Active Ingredients. - Little known. Boullay failed to find Violine in this plant (Gubler).

Physiological Action. - A strong infusion made from 3 ss. -

3 i. of the herb without the root, does not give rise to any suspicion that it contains violine or emetine. Its action is exceedingly mild, sometimes proving slightly laxative, at other times diuretic; as a rule giving rise to very little disturbance.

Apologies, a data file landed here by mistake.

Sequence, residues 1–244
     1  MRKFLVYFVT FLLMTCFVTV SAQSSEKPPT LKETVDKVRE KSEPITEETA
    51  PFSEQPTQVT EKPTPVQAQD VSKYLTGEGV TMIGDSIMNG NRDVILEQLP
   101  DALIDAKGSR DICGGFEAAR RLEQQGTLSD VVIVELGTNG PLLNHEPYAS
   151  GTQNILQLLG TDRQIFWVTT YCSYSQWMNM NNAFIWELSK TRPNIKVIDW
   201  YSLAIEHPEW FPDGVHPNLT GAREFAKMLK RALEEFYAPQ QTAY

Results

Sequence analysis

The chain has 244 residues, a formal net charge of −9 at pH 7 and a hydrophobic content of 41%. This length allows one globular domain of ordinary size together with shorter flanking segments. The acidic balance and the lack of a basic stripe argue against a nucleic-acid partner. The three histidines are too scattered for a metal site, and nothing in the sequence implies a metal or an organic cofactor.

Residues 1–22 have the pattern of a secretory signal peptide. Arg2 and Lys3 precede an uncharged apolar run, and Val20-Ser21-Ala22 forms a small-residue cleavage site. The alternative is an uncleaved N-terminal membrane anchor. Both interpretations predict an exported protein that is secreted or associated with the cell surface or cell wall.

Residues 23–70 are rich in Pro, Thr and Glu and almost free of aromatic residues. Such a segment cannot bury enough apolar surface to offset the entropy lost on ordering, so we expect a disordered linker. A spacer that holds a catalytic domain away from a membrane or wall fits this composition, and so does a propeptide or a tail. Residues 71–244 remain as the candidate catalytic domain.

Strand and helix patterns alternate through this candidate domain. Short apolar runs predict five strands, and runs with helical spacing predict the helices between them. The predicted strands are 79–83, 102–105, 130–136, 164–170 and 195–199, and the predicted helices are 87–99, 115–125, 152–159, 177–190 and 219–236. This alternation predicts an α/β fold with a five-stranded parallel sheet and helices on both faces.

Therapeutic Action. - Viola tricolor has long been a favorite in France in the treatment of eczema capitis et faciei, and the editor has employed it for many years with great satisfaction in chronic cases of this affection. The watery preparations have appeared to answer better than the alcoholic, and our usual procedure is to give it in infusion, combined with purgative doses of senna for the first few days. Afterward the violet is continued alone. To make the compound infusion, take one ounce of the herb and half an ounce of senna leaves. Pour on them a pint of boiling water, and when cold strain. Of this a tumblerful (for an adult) is taken at night. The dose should be regulated so as to produce three or four evacuations daily for a week or so; after that the senna is omitted and the viola continued in somewhat smaller quantity. For children, Cazin macerates 3 i. - ij- in half a pint of cold water for twelve hours, then boils the infusion and adds a little milk and sugar. This amount to be taken daily. Viola tricolor is not found wild in this country, and the cultivated plant is not to be relied on. The imported herb should be employed, and care taken to procure a good quality. Most of it in the market is inferior.)